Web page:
This paper critically engages with the role of conservation practitioners as ‘expert intermediaries’ in the development of payments for ecosystem services (PES) schemes in the UK. Centring on the case study of the Wildlife Trust’s Pumlumon Project in Mid Wales, the paper connects the advance of neoliberal governance strategies to the experiences and attitudes of conservationists, charting a more personalised geography of how PES has gained traction here, beyond its dissemination as an anonymous discourse or top-down imposition. In methodological terms, the paper combines ethnography with the insights of governmentality in order to demonstrate how conservationists have made sense of, and subsequently engaged with processes of neoliberalisation. This is set out as a means to attain a grounded perspective on the advancement of PES, but equally to appreciate how the hegemony of market-style governance is accepted and advanced by the conservationists involved.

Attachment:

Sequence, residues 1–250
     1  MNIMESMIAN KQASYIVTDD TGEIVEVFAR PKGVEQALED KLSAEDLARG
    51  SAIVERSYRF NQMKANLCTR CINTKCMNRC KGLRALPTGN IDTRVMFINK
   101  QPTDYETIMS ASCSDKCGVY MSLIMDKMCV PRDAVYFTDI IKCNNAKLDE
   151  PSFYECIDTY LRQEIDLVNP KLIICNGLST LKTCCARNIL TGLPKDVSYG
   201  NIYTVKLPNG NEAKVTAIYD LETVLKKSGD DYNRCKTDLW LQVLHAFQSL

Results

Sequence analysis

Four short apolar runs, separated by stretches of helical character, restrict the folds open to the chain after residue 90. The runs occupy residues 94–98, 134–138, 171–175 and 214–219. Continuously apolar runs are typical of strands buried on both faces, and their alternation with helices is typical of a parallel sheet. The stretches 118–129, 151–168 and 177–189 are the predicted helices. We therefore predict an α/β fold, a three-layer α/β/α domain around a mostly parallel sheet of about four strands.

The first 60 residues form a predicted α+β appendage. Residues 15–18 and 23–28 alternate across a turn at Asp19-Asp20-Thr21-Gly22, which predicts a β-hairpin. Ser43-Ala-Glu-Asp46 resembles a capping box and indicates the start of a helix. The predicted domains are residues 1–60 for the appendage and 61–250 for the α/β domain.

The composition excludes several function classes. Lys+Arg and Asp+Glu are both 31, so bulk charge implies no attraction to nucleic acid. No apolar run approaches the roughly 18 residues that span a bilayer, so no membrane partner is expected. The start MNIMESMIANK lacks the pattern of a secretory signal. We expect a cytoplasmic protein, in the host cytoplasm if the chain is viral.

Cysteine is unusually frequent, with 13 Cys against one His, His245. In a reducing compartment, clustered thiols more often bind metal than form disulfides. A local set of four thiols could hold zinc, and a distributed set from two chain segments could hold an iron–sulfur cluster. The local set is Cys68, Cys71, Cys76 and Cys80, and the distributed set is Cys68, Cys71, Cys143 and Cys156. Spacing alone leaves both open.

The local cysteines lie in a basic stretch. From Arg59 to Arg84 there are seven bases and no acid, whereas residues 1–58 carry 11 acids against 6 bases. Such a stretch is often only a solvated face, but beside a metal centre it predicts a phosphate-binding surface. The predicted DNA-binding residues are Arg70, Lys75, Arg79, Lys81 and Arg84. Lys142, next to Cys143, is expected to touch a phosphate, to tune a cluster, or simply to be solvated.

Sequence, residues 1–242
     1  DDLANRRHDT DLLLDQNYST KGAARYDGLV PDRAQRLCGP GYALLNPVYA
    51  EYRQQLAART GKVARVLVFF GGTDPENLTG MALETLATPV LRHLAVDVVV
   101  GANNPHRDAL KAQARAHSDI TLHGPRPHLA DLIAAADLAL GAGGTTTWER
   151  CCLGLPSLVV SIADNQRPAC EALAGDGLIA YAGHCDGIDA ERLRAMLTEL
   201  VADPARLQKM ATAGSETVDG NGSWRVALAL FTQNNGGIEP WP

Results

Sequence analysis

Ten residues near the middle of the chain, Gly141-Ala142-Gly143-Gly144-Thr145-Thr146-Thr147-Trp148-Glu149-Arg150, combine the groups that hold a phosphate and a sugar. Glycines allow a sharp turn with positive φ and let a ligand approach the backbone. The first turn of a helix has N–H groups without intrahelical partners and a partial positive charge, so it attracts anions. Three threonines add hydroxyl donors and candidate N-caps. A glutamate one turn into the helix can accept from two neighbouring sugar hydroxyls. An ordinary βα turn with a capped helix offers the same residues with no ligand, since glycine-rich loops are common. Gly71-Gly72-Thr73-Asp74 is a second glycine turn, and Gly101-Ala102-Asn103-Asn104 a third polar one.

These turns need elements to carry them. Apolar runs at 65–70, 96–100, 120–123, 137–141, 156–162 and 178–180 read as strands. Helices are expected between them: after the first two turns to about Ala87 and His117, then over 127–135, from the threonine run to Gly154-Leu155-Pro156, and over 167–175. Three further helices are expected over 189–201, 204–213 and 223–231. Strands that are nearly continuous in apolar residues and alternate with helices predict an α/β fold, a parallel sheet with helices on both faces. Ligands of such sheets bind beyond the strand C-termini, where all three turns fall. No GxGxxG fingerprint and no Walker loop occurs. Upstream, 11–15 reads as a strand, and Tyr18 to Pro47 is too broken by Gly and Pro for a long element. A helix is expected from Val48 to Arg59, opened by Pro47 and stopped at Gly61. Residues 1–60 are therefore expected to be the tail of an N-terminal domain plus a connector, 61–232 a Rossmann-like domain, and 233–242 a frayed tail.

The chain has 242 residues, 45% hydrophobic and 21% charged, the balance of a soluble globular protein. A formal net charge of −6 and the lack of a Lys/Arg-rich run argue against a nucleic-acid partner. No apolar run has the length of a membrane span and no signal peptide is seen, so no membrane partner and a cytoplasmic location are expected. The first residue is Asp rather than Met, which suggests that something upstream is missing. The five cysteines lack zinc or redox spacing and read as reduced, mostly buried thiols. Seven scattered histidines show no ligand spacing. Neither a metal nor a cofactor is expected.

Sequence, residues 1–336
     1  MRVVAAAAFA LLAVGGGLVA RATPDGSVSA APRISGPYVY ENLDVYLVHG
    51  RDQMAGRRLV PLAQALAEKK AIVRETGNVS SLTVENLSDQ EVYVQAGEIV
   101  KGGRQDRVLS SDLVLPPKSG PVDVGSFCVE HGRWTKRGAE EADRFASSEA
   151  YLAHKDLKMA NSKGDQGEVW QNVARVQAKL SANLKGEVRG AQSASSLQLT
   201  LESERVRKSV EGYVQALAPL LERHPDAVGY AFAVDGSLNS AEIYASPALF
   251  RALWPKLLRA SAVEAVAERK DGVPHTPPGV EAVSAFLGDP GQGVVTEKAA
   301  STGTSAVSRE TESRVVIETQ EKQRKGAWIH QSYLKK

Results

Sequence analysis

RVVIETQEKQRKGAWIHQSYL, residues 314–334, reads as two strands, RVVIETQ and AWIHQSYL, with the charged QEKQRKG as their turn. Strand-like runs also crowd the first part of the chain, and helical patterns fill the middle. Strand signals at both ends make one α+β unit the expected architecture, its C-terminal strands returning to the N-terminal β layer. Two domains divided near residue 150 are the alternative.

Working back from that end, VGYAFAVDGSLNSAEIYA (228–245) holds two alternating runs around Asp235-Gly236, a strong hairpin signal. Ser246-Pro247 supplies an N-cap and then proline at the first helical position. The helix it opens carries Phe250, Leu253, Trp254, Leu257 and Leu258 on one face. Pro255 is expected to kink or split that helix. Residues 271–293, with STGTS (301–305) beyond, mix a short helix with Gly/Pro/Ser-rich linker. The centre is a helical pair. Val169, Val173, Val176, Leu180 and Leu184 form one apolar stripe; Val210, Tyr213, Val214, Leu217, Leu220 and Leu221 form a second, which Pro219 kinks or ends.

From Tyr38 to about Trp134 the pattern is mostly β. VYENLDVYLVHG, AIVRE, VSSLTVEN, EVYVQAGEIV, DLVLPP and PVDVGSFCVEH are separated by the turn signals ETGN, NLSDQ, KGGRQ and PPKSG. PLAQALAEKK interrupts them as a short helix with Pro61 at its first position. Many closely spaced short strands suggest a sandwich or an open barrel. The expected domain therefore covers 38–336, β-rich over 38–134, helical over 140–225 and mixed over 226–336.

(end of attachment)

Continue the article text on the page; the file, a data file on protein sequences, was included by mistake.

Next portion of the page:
- Payments for ecosystem services
- Neoliberal governmentality
- Expert intermediaries